I suspect CAR T-cell therapy first might be better for the immune system, [since] you don't exhaust the T cells. You collect first and then you leave the bispecific for later. That way you target CD20 [with frontline rituximab (Rituxan)], CD19, and then CD20 again, allowing some time off of CD20 treatment.

We've recently activated a trial [SWOG 2207; NCT05890352] that might change my approach with tafasitamab [Monjuvi] plus lenalidomide [Revlimid] and zanubrutinib [Brukinsa] vs tafasitamab/lenalidomide plus tazemetostat [Tazverik]. A trial is always my preferred option here. We have the epcoritamab trial [NCT05451810] where all treatments are given in the outpatient setting; we've had a few patients on it. It tends to work well and is relatively easy. We've not faced any major problems with epcoritamab yet in the trial, and every treatment is outpatient. My choice depends on how long [CAR T-cell therapy] works, whether it works or not, and what's available.

HAMADANI: Excellent response because you can’t go wrong with a trial. But if a trial is not available, you’re setting the stage perfectly for the questions we want to examine. Should we gravitate to bispecifics if one is available, and can we sequence CD19 therapies? I think the answer may depend on which CD19 agent.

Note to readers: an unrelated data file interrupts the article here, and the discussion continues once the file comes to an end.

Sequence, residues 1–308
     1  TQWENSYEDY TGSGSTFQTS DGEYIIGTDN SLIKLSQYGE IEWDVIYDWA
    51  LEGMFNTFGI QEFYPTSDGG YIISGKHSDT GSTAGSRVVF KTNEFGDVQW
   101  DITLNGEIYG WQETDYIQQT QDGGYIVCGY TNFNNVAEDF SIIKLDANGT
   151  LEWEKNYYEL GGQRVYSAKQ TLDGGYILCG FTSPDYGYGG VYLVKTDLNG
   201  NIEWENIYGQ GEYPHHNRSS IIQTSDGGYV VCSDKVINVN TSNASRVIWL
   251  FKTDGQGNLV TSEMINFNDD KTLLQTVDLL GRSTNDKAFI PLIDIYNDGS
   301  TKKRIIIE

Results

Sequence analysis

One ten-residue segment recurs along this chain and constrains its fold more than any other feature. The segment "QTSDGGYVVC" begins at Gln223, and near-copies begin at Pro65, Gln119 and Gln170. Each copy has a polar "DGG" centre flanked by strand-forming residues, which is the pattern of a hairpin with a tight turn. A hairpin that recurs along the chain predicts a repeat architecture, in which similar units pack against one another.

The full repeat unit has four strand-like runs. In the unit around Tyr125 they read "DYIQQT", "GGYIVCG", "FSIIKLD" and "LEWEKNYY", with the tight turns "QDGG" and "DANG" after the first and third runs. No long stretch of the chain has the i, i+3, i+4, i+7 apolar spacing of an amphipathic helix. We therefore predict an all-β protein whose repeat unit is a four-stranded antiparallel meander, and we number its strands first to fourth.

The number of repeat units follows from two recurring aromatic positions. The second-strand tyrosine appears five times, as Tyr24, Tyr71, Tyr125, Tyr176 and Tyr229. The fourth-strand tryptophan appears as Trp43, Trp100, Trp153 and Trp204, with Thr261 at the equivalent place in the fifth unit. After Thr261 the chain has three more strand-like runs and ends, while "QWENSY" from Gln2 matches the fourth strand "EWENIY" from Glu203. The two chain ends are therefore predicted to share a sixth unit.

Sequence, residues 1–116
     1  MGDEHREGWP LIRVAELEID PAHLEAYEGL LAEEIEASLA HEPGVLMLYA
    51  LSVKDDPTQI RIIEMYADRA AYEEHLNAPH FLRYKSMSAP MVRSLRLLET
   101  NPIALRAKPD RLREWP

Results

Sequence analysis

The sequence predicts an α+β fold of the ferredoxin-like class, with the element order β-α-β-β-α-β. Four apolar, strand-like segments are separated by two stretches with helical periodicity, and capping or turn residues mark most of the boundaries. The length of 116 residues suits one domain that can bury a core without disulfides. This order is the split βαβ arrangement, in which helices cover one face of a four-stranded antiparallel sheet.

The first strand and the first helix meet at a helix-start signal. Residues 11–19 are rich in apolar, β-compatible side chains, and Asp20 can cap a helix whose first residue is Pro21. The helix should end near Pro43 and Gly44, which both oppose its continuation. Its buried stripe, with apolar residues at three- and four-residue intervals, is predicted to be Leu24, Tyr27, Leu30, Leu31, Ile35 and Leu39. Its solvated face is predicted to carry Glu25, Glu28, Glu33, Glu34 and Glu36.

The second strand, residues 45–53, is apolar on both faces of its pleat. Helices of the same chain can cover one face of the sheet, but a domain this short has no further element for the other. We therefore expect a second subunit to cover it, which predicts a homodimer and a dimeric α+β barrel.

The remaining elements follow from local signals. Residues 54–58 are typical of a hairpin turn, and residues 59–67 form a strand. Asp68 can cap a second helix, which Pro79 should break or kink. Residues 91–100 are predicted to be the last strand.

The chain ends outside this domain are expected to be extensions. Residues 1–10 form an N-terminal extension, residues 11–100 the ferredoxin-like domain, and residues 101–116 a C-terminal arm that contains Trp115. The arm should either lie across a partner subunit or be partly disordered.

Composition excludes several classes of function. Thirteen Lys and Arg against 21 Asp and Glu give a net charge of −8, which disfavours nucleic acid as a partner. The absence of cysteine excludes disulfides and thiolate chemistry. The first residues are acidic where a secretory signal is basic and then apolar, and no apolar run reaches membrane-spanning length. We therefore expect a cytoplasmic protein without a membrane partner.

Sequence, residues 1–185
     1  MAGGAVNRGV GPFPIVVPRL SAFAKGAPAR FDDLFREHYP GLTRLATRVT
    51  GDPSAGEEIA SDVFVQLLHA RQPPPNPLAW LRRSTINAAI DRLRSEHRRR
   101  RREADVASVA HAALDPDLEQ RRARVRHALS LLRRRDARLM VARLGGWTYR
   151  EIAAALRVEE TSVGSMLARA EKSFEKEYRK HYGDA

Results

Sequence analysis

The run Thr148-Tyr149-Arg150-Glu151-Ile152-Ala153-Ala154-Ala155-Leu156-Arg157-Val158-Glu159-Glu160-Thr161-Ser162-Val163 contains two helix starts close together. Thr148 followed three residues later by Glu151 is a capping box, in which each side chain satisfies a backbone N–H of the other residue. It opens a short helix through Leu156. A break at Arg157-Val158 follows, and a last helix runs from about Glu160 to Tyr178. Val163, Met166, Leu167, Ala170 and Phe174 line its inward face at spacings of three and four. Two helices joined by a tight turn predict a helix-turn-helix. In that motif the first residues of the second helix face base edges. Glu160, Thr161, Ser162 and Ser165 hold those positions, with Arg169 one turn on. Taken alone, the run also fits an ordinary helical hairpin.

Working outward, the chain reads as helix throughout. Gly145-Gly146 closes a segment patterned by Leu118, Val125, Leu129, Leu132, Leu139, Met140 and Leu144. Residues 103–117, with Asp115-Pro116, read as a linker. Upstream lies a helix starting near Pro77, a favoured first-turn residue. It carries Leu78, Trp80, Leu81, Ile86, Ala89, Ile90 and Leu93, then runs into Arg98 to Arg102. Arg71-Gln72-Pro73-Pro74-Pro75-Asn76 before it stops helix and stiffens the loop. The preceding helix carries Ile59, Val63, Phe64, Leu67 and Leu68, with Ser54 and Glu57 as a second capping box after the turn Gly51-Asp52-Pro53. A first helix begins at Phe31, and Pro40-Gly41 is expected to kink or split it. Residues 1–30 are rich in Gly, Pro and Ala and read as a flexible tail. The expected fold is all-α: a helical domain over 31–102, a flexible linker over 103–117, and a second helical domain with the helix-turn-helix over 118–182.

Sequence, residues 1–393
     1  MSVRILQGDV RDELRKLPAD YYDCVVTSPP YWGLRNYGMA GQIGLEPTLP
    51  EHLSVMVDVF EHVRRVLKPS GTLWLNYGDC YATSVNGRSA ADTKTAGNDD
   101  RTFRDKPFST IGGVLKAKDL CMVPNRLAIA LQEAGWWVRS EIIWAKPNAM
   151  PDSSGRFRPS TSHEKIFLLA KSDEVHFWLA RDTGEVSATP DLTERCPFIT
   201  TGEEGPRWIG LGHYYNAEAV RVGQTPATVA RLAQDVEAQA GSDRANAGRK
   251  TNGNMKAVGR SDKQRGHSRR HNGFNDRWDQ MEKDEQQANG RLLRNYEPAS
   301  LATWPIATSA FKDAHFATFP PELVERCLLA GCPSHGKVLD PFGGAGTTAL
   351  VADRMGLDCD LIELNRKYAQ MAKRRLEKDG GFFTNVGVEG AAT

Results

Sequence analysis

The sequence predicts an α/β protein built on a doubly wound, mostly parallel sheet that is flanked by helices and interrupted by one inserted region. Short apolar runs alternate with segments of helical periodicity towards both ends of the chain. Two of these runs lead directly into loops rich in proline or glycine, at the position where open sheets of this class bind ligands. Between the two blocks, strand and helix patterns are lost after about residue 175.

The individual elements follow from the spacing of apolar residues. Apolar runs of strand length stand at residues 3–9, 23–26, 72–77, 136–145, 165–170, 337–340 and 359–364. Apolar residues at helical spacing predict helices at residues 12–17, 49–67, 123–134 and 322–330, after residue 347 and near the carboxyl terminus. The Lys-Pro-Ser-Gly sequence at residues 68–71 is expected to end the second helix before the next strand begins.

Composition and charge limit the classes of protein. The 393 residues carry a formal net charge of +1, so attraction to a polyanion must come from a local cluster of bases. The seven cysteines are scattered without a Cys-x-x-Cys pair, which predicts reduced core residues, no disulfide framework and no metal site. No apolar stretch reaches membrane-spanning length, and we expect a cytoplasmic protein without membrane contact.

What is the role of loncastuximab tesirine-lpyl (Zynlonta) in patients who have received prior CAR T-cell therapy?

HAMADANI: We were very interested in [how] the LOTIS-2 trial [NCT03589469] allowed patients with CAR T-cell therapy progression.1 These are patients who progressed on CAR T-cell therapy with continued expression of CD19, and CD19 loss in lymphomas is not all that common. About 25% of the patients may lose CD19 after CAR T-cell therapy failures. But if you don't lose CD19, does loncastuximab have any hope of working after CAR T-cell therapy? Because it’s an easy-to-give drug in smaller community practices.